Origami : Definition
What can you make by folding a piece of paper- a boat, a swan, an aero plane? This art of paper folding is a form of Japanese art and is known as ‘Origami’. In Japanese ‘Ori’ stands for ‘folding’ and ‘gami’ stands for ‘paper’.
- This art form has been handed over from parents to their children for many generations.
- But this art form was originally developed in china during the first and second century and gradually moved towards Japan during the sixth century.
- Then it flourished in Japan and has been a traditional art since then.
- Origami involves creation of shapes and forms using only paper.
- Models of animals, fishes, birds, puppets, toys, geometric figures can all be made with paper in Origami art form.
History of Origami
Let us now look at the history of Origami.
- Though papyrus, which is the first known paper, was first introduced in ancient Egypt, it was too brittle to turn the ancient paper into Origami. In 102 A.D paper was made from pulp in China.
- During the early days, paper was made available only to those who could afford it- the rich. Thus they started the art of paper folding. Slowly paper became available to the masses as well.
Secrets of Origami
- China did not share its secret of making paper. But it is said, that a Buddhist monk carried this secret with him to Korea and Japan. Hundreds of years later Japan also came to know the secret of paper making. Soon they started paper folding which became a part of their culture and religion.
- Now they used various colors and silk threads to make Origami. Gifts were exchanged in the form of ‘Noshi’.
- Noshi was a paper folded with a piece of dried fish or meat and was exchanged as gifts, supposed to bring good luck.
How did Origami start?
Origami found its way in Japanese celebrations and weddings where origami art was used to wrap and fold in the form of a shape representing the bride and groom.
Years went by and paper became less and less expensive. It was now available to all- rich or poor. Origami became a traditional and popular art form in Japanese household. They did not believe in wasting paper. They saved even the smallest bit of paper and used it to make some other Origami models.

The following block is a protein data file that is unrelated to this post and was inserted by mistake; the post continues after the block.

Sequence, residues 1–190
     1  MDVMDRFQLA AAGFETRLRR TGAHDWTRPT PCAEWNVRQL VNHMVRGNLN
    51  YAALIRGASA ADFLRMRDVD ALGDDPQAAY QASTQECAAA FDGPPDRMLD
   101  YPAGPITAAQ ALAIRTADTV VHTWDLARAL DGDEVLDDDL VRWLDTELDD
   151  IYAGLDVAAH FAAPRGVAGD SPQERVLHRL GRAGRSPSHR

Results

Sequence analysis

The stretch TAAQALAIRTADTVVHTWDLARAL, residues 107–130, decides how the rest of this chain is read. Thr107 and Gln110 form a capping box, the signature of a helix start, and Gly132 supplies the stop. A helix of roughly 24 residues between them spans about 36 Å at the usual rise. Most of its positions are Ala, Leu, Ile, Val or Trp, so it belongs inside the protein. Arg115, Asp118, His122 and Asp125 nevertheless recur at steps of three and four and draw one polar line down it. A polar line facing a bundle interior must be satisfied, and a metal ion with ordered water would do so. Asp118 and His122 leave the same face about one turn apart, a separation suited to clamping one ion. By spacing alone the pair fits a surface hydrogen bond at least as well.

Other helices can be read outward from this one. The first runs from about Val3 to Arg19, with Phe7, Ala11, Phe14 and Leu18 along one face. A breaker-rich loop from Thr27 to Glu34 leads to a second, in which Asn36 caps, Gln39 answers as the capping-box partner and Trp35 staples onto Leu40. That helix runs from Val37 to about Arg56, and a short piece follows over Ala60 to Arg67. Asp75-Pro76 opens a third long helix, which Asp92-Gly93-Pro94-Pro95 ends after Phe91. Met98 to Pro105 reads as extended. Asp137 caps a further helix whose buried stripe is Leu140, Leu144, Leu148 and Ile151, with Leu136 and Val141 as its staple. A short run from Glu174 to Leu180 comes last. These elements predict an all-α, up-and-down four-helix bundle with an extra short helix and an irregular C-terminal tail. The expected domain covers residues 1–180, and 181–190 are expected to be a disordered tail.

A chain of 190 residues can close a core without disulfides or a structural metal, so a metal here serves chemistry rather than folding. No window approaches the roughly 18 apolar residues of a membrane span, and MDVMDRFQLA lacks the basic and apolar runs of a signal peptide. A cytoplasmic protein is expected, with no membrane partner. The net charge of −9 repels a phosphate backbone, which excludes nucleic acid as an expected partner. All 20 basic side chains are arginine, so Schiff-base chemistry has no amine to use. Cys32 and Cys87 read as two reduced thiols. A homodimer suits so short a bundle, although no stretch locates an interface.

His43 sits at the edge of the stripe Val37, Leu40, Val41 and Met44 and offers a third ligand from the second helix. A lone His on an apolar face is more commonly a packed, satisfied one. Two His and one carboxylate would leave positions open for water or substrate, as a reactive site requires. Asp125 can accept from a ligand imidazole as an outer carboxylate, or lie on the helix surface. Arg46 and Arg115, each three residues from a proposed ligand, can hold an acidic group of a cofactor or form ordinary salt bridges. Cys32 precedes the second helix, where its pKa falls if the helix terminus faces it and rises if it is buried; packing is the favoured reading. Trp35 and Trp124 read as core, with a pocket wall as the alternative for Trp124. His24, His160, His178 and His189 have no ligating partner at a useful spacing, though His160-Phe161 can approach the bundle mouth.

Origami in Schools
At one time in Japan, Origami was taught in schools as well. But today it is an art form which is taught mostly to children at home. For many years Origami did not have a set of instructions to be followed.
Books on Origami
Until, around 1797, a book ‘How to Fold thousand cranes’ was published. The crane is supposed to be the sacred bird of Japan and it was believed that if a person folded thousand cranes, he/she would be granted one wish.
‘Window on Midwater’ was another book on Origami published in 1845. This book showed how to make 150 Origami models. Origami spread to other parts of the world now. The Moors from Africa bought with them this art to Spain. They however did not create animal forms because their religion forbade them to. From Spain Origami art spread to South America. And later this art was introduced to Europe and the United States.
Origami was now a part of every household in Japan. Even today, during holidays and celebrations, colorful Origami decorations are made by every family member. During Christmas children make colour Origami stars and decorate the Christmas trees.
Today many forms of Origami have come up in various parts of the world. Origami is also used as a technique to help children with poor motor skills to develop eye-hand coordination. Paper folding art like Modular origami or Pureland origami have recently been introduced. Modular Origami uses many sheets of paper, folded in identical shapes to make one big model of that shape. While Pureland origami is a type in which only one fold is allowed.
5 Interesting Facts about Origami
- Akira Yoshizawa is the ‘master of modern Origami’ because he has developed many creative forms of paper folding. He has also developed a set of written symbols that are used worldwide as Origami instructions.
- In earlier times, when Chinese buried their dead, a copy of items were folded and included in their tombs.
- Origami toys were developed by Chinese. The most famous being the ‘waterbomb’ which were balloons made of paper, filled with water and thrown with a splat!
- Crane is now an international symbol for Peace. In Japan, every child, sooner or later learns how to make crane by paper folding.
- Practicing Origami activates the entire brain. It develops coordination, patience, attention span, mathematical skills, symmetry understanding and many more.
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